Annual Meeting Reports

How to Make Science Interesting, and Why It’s Important

Informing the public about science has a long and lively past. In this session, Bruce V Lewenstein and Chris Mooney presented largely historical perspectives on the popular communication of science.

Lewenstein, a science-communication professor trained as a science journalist and science historian, began by observing that science communication is not linear (for example, from laboratory to journal to mass media); rather, it involves a complex array of often two-way interactions. He also noted that purposes of this communication can include information, education, and entertainment.

In his presentation, which was lavishly illustrated with historical images, Lewenstein described public communication of science and technology in the 19th century. During that time, prominent scientific figures gave lectures and evening classes for the public, the great natural-history museums developed, and newspapers and popular magazines began to include information about science.

In the 20th century, Lewenstein noted, scientific societies and health associations arose, and their activities commonly included public communication of science. Science, journalism, and education became fields of specialty. New media—radio, television, industrial museums, science centers, and the World Wide Web—became vehicles for popular communication of science. Public concern was expressed about implications of scientific progress.

Among details that Lewenstein provided about the 20th century: Early in the century, insurance companies distributed health information to the public. Large museums, such as the Museum of Science and Industry in Chicago, developed; later, interactive science centers, such as the Exploratorium in San Francisco, arose. World War II was widely seen as the war that science won. The late 1970s and early 1980s brought a boom in science media, and since the middle 1970s, many science books have appeared on The New York Times bestseller lists.

The phrase public understanding of science came into use around 1945, Lewenstein reported; it has often been used to mean “public appreciation of and support for the benefits that science provides to society”. Academic writing about public communication of science began to appear in the 1950s.

Today, Lewenstein said, most people view science as interesting, and science is integrated into the broader culture. However, the scientific community feels frustrated about popular communication of science. For insight into the difficulty, Lewenstein turned to his fellow speaker, Mooney.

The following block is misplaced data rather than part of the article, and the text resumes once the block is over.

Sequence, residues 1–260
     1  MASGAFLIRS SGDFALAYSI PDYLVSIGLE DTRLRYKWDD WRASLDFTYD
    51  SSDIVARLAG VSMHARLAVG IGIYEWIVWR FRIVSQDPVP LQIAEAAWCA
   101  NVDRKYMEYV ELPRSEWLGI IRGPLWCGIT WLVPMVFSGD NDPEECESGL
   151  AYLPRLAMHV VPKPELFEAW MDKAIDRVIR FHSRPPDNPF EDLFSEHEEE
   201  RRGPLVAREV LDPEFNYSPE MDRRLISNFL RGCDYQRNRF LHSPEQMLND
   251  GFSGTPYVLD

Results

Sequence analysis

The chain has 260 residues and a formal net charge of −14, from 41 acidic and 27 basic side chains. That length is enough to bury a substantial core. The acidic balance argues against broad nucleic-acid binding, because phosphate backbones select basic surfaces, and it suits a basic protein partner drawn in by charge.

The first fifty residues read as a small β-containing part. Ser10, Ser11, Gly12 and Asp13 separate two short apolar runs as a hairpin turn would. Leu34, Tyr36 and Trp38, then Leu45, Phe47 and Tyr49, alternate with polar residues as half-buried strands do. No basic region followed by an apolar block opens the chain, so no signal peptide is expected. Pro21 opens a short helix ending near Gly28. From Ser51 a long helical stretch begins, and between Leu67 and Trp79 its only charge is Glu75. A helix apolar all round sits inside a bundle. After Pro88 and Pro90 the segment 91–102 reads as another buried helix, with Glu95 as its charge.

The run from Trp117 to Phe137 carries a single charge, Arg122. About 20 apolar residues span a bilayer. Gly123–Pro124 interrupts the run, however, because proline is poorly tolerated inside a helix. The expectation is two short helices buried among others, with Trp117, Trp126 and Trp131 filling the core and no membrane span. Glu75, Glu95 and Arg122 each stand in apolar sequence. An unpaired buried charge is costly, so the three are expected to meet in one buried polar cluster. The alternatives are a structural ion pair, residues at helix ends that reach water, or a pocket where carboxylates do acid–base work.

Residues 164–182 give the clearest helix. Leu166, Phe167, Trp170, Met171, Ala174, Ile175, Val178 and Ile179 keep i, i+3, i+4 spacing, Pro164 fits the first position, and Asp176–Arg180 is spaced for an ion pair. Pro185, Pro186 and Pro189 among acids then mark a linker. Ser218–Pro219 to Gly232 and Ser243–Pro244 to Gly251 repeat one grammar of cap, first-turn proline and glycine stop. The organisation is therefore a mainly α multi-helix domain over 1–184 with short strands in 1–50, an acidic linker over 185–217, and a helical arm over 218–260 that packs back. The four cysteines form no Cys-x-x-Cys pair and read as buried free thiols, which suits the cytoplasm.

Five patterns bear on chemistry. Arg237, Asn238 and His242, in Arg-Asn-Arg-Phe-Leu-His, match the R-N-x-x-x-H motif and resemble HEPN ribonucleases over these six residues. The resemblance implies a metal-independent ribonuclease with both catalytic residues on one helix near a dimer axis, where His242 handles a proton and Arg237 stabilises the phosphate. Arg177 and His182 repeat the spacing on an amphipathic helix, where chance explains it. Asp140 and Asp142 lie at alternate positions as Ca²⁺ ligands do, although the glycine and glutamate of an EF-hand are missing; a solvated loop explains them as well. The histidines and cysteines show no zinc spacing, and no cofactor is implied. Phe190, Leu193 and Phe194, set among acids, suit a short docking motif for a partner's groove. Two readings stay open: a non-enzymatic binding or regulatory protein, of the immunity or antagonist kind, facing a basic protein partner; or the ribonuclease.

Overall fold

Mooney—author of books that include The Republican War on Science and (with Sheril Kirshenbaum) Unscientific America: How Scientific Illiteracy Threatens Our Future—began with a historical vignette symbolic of problems in popular communication of science: In 1802, the great scientific traveler Alexander von Humboldt climbed the 19,286-ft mountain Chimborazo, setting a world record and becoming a celebrity. Yet when he published a 3,927-page account of his journey, he did not mention the event.

Of Americans, Mooney said, only 18% know a scientist, and 46% do not believe in evolution and think that Earth is less than 10,000 years old. He also said that Americans generally do not view scientists as role models. He reported that from 1989 to 2005, the number of major US newspapers with weekly science sections decreased from 95 to 34; in 2008, CNN eliminated its science unit; and in 2008 and 2009, respectively, the Washington Post and the Boston Globe eliminated their science pages.

With regard to whether blogs can help to make up the deficit, Mooney said that although good science blogs exist, the World Wide Web also contains much misinformation about science. He noted that movies often contain scientific inaccuracies and portray scientists as “freaks, geeks, or villains”.

After asking “What can we do?” Mooney proposed various measures: Reward effective scientific communication (in contrast to the case of Carl Sagan, whom the National Academy of Sciences snubbed). Include communication training in the graduate science curriculum. Give more emphasis to the “outreach” component of federal grants, consider service more when evaluating university faculty members for tenure, and give more young scientists media training. And finally—returning to the tale of Alexander von Humboldt— present science (“a great adventure story”) in the form of narratives.